K3® now features a new tear-tab solution, which was introduced to make separation of the cardboard wrap even easier. However, consumers still play an important role in the separation process – meaning it does not always take place. 

“For packaging that is not separated by the consumer, we have found a solution that allows separation of the cardboard before the cups enter sorting facilities,” said Jens Krause. “This new solution ensures that the cardboard will separate itself from the plastic cup during the collection process, before entering the sorting facility, significantly increasing recycling rates. We will bring this breakthrough to the market as soon as possible.” 

 

Watch the full live session here!

Please note: In order to watch the live session you need to login (and register) first; registration is still possible, even though the event is over.

Design and Innovation: delivering the future of packaging

In a session during the second Innovation Day, Stefan Ebli, head of design and prototyping services (DesPro) at Greiner Packaging, presented some exciting design concepts.

“The requirements for packaging have changed very much in recent years, particularly around sustainability,” said Stefan Ebli. “It often seems to be a great challenge to reconcile sustainability with various trends, such as convenience, premiumization, on-the-go, and point of sale differentiation.”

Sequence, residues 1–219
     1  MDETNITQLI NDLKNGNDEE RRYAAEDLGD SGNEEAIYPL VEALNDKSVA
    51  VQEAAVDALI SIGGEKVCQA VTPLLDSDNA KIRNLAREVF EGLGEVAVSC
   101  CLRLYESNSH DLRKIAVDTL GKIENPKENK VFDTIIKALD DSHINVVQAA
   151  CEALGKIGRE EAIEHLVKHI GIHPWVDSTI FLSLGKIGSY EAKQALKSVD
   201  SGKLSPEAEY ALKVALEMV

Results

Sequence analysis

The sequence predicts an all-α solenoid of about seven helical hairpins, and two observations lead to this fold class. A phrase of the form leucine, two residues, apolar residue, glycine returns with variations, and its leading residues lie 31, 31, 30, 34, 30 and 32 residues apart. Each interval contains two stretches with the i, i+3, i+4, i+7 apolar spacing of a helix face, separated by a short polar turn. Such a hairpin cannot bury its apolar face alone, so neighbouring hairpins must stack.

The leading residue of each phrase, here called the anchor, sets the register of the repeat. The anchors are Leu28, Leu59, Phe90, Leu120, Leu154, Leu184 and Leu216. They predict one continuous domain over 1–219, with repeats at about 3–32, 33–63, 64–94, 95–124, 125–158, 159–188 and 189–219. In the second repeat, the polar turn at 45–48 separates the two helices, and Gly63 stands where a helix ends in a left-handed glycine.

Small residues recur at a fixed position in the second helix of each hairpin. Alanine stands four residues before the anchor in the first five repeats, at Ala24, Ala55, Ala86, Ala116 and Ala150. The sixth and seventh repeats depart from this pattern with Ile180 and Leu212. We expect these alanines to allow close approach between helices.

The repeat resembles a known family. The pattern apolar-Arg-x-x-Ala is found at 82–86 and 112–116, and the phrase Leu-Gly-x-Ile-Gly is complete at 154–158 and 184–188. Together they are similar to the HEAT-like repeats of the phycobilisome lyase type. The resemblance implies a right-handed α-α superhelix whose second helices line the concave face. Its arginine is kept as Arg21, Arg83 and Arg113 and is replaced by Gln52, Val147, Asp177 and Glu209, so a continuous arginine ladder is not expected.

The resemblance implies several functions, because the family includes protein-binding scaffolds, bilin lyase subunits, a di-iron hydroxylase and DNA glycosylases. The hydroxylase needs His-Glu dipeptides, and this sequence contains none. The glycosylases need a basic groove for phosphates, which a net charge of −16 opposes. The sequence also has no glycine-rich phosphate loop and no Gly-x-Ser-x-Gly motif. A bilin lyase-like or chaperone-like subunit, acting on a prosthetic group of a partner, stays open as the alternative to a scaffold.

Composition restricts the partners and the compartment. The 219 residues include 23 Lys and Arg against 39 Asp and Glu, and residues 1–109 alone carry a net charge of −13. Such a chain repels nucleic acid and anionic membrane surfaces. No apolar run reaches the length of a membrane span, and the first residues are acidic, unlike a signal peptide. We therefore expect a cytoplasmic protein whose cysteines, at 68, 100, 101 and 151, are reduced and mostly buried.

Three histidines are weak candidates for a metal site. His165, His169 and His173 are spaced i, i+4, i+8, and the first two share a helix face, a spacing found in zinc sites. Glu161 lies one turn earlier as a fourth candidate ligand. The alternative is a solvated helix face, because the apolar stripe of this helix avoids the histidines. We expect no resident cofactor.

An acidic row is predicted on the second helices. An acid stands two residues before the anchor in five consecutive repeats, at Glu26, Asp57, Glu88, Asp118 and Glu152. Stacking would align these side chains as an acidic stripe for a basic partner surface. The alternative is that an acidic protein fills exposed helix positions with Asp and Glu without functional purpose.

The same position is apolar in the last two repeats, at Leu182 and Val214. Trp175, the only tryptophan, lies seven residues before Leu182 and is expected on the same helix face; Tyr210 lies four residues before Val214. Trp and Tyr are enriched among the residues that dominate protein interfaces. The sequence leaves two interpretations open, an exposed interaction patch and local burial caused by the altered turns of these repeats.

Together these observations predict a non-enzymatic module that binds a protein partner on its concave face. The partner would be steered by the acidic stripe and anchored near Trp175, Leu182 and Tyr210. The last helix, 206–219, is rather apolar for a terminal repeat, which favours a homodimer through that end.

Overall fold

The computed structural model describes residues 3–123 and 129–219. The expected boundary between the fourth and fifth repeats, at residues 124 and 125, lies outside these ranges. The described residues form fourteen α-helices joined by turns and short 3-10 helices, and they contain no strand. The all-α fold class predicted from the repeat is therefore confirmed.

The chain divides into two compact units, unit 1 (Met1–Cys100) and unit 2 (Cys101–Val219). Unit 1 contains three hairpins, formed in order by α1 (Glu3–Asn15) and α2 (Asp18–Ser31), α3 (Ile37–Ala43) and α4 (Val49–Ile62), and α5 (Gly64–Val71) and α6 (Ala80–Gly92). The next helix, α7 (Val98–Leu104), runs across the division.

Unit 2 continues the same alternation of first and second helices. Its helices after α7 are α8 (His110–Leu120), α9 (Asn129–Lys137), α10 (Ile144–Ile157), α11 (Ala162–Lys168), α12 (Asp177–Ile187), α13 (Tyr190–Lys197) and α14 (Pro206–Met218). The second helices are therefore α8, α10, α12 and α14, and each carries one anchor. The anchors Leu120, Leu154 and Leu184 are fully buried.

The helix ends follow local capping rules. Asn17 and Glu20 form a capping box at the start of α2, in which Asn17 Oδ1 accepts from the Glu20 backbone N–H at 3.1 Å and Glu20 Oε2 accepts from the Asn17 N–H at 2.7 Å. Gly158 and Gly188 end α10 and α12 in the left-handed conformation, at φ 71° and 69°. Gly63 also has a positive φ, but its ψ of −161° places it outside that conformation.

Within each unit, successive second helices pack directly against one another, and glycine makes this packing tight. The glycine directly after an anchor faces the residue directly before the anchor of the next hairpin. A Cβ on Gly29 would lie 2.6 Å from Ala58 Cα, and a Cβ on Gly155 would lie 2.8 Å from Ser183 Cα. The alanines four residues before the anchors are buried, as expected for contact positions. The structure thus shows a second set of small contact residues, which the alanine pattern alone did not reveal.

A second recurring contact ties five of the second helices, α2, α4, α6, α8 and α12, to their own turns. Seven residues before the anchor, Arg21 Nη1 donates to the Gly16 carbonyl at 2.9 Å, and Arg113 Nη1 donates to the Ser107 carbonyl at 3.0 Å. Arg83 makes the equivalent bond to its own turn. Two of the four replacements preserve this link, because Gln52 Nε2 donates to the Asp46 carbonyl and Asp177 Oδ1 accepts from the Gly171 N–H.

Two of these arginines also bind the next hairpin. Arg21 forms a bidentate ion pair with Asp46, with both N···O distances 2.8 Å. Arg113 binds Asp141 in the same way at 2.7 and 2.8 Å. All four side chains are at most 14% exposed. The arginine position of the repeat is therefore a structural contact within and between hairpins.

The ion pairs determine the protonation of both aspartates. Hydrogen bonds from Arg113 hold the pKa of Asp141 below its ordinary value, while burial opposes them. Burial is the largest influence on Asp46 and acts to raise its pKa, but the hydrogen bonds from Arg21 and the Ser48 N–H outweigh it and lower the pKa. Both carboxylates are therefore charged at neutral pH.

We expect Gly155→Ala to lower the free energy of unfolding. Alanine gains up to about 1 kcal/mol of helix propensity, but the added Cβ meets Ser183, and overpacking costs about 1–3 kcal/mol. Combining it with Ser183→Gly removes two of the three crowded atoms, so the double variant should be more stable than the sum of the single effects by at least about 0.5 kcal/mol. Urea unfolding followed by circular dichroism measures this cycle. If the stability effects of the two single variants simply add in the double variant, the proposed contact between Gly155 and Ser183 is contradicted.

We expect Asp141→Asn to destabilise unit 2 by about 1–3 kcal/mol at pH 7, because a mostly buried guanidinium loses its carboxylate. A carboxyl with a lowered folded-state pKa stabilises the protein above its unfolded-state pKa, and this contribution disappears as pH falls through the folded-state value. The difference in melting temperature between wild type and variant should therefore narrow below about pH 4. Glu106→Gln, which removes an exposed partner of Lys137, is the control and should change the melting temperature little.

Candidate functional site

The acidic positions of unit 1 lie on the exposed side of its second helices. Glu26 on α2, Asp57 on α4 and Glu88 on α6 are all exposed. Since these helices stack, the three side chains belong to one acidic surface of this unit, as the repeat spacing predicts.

Can we respond to those trends, and at the same time save material, use recycled materials, improve recyclability, and reduce CO2 emissions? The answer is clear. Yes, it is possible. I will show you what is possible, and which trends we are following.

Stefan Ebli, head of design and prototyping services (DesPro) at Greiner Packaging

Stefan Ebli began with the trend to convenience and on-the-go, where the challenges are: improved usability; easy opening; reclosability; and less steps to enjoyment.  Several design concepts serving this trend were presented.

Differentiation and premiumization was the next trend. “To be unique, you want your packaging to stand out from the crowd and be remembered for a longer time,” said Stefan Ebli. He showed a number of techniques to produce textures, such as embossing, to deliver a tactile experience for consumers, before moving on to focus on the advantages of Greiner Packaging’s K3® cardboard-plastic combination packaging solution.

The trend of customer protection focused on optimal hygienic protection and insulation, including the use of shaped structures to create a gap between the cup and the outer cardboard wrap on a K3® pack for ready-to-eat meals. Looking at the need for high-transparency to highlight fresh products, concepts were shown made from PET or r-PET which had the appearance of glass.

The last trend Stefan Ebli presented was refill and multi-use. “Why throw away when there is another way?,” he asked. “We are convinced that this trend will become a very important factor in all market areas in future. Our trigger refill solution enables maximum plastic reduction – with one refill bottle, you can fill four spray bottles, and at the same time you save 85% of plastic material, and the bottle can be made from up to 100% recycled material.”

Finally, Stefan Ebli showed a refill pack for the cosmetic industry, where the high quality outer packaging remains, but the consumer can just can change the insert.

In closing, he said: “So, now it's your turn. We have had the first ideas, so let's develop them together for our mutual success.”

 

Watch the full live session here!

Please note: In order to watch the live session you need to login (and register) first; registration is still possible, even though the event is over.